Chocolate cookie turns North Koreans on to capitalismComment on this story
At best, theirs is a fractious relationship. But it seems the two Koreas have been united by one thing: a love of chocolate.
A marshmallow chocolate pie has become so popular in North Korea that people are buying it for up to a day’s pay on the black market after it has been smuggled out of South Korea. The average North Korean reportedly makes between $100 (R1 100) and $200 a month.
But they are paying up to $10 for a Choco Pie – a biscuit containing two disc-shaped, chocolate-covered cakes, filled with marshmallow cream. In South Korea, where the treats are manufactured, they cost less than 50 US cents, CNN reports.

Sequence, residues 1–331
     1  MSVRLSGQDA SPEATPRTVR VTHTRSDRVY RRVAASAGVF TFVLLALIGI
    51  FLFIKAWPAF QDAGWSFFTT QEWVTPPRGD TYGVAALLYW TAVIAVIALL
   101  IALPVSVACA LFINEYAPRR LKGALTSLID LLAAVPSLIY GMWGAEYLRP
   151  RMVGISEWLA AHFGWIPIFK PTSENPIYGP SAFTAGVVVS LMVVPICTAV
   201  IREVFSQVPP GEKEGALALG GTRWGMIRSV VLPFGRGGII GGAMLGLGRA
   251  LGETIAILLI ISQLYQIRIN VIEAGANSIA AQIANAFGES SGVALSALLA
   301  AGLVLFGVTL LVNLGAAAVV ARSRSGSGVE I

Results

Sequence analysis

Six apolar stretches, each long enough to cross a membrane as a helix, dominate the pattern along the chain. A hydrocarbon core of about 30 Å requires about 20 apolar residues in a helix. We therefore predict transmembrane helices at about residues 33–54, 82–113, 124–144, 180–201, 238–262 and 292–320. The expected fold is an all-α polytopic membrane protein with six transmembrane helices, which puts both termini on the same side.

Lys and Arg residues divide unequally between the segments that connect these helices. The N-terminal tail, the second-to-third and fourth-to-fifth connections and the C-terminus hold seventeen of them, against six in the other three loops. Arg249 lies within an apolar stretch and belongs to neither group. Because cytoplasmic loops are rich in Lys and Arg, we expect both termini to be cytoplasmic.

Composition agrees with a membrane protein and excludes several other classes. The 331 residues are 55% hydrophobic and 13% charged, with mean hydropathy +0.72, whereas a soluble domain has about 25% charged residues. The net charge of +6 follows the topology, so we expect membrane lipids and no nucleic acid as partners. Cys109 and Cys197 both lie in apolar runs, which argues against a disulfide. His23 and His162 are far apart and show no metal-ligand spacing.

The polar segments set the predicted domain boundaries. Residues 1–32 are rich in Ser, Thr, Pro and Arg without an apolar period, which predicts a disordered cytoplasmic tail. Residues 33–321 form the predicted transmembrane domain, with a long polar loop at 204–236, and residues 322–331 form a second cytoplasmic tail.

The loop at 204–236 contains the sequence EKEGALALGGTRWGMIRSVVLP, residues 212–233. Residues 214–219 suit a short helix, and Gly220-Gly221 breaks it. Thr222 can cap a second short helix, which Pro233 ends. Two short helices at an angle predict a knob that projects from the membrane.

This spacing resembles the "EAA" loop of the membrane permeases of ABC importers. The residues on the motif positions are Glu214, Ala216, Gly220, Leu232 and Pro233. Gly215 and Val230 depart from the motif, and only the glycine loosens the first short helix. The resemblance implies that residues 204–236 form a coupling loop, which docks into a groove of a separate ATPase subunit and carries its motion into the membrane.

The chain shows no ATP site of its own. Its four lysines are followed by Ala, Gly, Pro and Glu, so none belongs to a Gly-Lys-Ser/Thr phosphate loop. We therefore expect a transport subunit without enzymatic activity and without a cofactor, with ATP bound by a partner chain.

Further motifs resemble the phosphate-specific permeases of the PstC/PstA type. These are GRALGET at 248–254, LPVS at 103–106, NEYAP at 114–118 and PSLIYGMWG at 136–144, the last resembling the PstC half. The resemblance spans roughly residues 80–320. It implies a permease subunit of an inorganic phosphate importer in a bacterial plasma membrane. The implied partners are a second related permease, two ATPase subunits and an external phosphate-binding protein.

It is believed the North was introduced to the cake via the Kaesong industrial park, where 100 southern factory owners employ about 50 000 North Koreans. They were given soup and snacks to sustain them through the day – and received the Choco Pies.
The companies were banned from paying their northern employees cash bonuses and instead rewarded them with food, including the cakes. But it became obvious that not all the workers were eating the treats, with many taking them home.
A factory owner, who gave his workers Choco Pies and Coca-Cola, said they were “ecstatic at the taste”. He added: “It was clear the workers had got some idea of capitalism and it wasn’t all bad.’
In North Korea, the black market for capitalist products is illegal, but thriving. – Daily Mail